1. I-Joists produced by Boise Cascade only and installed in accordance with ICC-Evaluation Service Report ESR-1144 or ESR-1336 meet the floor fire protection requirements of R501.3 Exception 1: "Other approved floor assemblies demonstrating equivalent fire performance". The building official at time of permit application should receive plans that indicate AJS or BCI Joists with the specified fire protection system's figure number from the respective evaluation report.
  2. I-Joists produced by Weyerhaeuser with Flak Jacket Protection meet the floor fire protection requirements of R501.3 Exception 1: "Other approved floor assemblies demonstrating equivalent fire performance".  The building official at time of permit application should receive plans that indicate TJI Joists with Flak Jacket Protection.

Please note that the APA System Report SR-405 has not been approved by the BBRS. And until further notice and review by the BBRS no I-Joists produced by other manufacturers meet the BBRS requirement of R501.3 Exception 1: "Other approved floor assemblies demonstrating equivalent fire performance". BBRS is working with technical experts and manufacturers on this issue and will provide more information when it becomes available.

 

Mass Building Code Updates 2015I hope you found this information helpful.

According to the email I received if you have questions on any of these please contact mike.guigli@state.ma.us

If you would like to subscribe to the MA Board of Building Regulations and Standards’ newsletter send a request email to kimberly.spencer@state.ma.us

.

Sign up to join our mailing list  

Topics: Keeping More Money, Plans and Specifications, Building Code

Including General Production Costs in Your Estimates

Posted by Shawn McCadden on Thu, Jan 30,2014 @ 06:00 AM

Melanie Hodgdon, Business Systems Management

 

 

Guest Blogger: Melanie Hodgdon is a Certified QuickBooks ProAdvisor who has been providing financial analysis and QuickBooks training for contractors since 1994. She’s the co-author of A Simple Guide to Turning a Profit as a Contractor.  Melanie and Shawn often coordinate their efforts when helping remodelers develop financial systems for their businesses so they serve the contractor, not just their accountant.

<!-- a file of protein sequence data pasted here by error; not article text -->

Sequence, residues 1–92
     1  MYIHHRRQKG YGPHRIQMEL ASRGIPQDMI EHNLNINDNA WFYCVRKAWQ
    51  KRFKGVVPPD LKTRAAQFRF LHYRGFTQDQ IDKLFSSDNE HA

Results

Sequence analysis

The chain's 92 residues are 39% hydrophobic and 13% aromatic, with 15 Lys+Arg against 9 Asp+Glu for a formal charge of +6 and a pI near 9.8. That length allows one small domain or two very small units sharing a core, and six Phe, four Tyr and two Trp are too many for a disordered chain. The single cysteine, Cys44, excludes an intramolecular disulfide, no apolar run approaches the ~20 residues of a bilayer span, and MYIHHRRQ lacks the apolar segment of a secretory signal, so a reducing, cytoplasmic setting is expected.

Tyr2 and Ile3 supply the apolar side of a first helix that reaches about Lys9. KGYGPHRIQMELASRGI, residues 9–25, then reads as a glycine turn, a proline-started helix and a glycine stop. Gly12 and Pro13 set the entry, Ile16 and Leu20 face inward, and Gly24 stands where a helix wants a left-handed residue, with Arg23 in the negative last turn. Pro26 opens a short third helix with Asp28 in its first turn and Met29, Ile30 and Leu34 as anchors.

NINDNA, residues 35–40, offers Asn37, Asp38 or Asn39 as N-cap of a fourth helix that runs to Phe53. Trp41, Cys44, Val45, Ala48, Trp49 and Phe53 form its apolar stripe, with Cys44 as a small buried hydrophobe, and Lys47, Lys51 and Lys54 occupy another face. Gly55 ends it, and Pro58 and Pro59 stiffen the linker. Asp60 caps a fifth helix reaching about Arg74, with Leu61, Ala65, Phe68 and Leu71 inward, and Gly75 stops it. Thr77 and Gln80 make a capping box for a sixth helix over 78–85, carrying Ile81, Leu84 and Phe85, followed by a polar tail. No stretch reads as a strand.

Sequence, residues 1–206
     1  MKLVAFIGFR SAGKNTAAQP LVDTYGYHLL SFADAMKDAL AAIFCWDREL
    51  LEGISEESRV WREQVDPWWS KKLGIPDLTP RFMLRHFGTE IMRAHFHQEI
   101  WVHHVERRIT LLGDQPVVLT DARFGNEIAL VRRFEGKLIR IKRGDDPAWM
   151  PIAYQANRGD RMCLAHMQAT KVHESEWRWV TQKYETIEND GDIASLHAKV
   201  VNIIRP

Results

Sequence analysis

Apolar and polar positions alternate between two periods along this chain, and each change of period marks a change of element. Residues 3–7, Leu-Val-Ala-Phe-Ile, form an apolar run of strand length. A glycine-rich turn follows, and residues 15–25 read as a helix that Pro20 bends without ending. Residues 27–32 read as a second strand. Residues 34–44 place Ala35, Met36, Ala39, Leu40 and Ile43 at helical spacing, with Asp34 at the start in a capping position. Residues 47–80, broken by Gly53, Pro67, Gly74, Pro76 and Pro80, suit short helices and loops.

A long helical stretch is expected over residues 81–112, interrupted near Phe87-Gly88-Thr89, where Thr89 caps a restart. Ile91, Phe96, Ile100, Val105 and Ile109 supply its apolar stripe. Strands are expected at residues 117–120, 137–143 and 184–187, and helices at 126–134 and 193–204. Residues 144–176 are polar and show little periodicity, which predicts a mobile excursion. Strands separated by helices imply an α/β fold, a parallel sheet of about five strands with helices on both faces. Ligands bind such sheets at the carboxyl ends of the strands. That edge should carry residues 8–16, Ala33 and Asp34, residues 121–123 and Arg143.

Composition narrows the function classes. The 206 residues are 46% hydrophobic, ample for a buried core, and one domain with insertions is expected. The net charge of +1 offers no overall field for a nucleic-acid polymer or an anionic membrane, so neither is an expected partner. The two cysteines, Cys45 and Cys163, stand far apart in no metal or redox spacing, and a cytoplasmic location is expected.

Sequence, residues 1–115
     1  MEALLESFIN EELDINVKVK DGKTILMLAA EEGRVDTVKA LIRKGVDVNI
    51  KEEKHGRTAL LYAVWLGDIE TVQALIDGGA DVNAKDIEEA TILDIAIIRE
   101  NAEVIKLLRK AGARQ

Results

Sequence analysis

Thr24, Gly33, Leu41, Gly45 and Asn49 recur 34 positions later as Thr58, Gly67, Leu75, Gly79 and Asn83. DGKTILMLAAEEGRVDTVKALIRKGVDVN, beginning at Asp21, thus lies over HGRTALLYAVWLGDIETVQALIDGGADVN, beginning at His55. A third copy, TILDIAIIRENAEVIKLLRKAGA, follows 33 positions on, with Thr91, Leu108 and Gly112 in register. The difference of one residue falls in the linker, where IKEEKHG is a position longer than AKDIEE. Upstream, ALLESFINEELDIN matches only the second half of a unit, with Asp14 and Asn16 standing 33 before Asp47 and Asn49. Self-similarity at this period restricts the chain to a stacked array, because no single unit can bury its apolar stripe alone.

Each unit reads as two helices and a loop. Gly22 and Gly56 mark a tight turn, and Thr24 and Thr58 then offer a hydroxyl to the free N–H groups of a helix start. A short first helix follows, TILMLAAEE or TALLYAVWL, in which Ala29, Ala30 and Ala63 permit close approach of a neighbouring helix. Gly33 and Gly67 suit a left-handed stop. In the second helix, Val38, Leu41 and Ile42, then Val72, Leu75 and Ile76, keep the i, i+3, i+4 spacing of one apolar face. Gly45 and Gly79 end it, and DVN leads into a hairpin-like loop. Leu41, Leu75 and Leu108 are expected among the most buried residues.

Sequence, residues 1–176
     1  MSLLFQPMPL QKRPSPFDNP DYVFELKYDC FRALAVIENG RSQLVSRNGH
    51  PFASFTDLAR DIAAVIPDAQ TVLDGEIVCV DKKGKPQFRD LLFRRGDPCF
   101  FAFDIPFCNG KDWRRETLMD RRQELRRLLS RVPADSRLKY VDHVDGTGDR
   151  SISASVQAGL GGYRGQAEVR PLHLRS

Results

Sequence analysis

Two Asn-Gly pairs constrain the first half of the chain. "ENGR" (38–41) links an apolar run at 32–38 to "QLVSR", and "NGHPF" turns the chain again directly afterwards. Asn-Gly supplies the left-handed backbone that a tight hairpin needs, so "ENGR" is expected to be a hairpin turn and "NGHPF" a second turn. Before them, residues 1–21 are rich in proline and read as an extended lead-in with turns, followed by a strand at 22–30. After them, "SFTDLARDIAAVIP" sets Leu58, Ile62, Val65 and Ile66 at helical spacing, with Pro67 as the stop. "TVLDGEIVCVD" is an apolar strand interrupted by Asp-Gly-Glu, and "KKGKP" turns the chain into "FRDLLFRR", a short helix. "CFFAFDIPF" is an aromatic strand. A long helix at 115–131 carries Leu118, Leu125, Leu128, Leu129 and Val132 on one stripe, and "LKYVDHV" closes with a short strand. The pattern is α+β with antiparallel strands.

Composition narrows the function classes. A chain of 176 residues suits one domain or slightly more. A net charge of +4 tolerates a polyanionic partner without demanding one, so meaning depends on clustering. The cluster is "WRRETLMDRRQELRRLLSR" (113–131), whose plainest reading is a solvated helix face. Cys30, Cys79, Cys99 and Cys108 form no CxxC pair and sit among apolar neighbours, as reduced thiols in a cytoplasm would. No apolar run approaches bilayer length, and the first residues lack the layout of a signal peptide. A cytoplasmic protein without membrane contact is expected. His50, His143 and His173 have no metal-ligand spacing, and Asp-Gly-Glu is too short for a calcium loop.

Understanding and Including General Production Costs in Your Estimates

Estimators are pretty good about including costs for permits, materials, subs, and equipment rental in their estimates. And the really topnotch ones are also adept at estimating the amount of labor time based on knowledge of what their crew(s) can produce. But there is another element that often eludes even the most careful of estimators: the cost of those “necessaries” that will be used on a job but not easily assigned to specific jobs.

 

These include things like:

  • Miscellaneous Construction SuppliesBits
  • Blades
  • Rags and other cleaning supplies
  • Sanding disks and sand paper
  • Trash bags
  • Small tools
  • Dust masks
  • Assorted fasteners
  • Caulking and adhesives
  • Pencils, markers and chalk


Here are some more candidates:

  • General Production SuppliesCost to repair and maintain tools and equipment
  • Cost to maintain a jobsite trailer
  • Propane for the space heater
  • HEPA filters
  • Bungies, ropes and tie downs
  • Trash barrels or bins

 

These can be considered General Production Costs and you should have a method to allow for them in the job price.

 

Two ways to price your work

Basically, pricing consists of identifying the actual cost of X and then adding a markup. The purpose of the markup is to allow the selling price to cover not just what X costs, but also it’s fair share of the company overhead, with enough left over to contribute to company profit.

 

Option A: Include in the estimate

General Production Costs Option A

 

 

 

When you include an allowance for General Production Costs in your estimate, you increase the predicted cost of the job. When you apply a markup to the cost, you will also be marking up the predicted General Production Costs. Because you are charging your customer for the cost (income account), the matching cost should be considered Cost of Goods Sold.

For many contractors, including an allowance for these costs in the estimate will increase the likelihood that the costs will be covered.

 


Option B: Include in the markup

General Production Costs Option B

 

 

 

If you consider General Production Costs as being part of the cost of doing business (overhead), then you will account for them by increasing your markup on the job.

Ideally, both methods will result in the same selling price. However, in my experience, far too many contractors decide on a markup based not on the financial requirements of their company, but rather on a figure they found in an article, or what scuttlebutt tells them their competition is using. This WAG (wild ass guess) approach decreases the likelihood of capturing these costs in the markup.

 

Why I typically recommend Option A

Also, as companies have diversified with changes in the economy, the type of work they do has also changed in many cases. Burying these costs in overhead can make the changes less obvious than placing them in Cost of Goods Sold where significant changes are more likely to be spotted. For example, companies performing lots of RRP work might see a significant increase in these costs due to the requirement for filters, respirators, contractor bags, signage, duct tape, Tyvek suits, etc. The effect on the gross margin (when these costs reside in Cost of Goods Sold) might be noticed more quickly and reliably than remembering to deliberately dig into the overhead accounts to find and monitor them.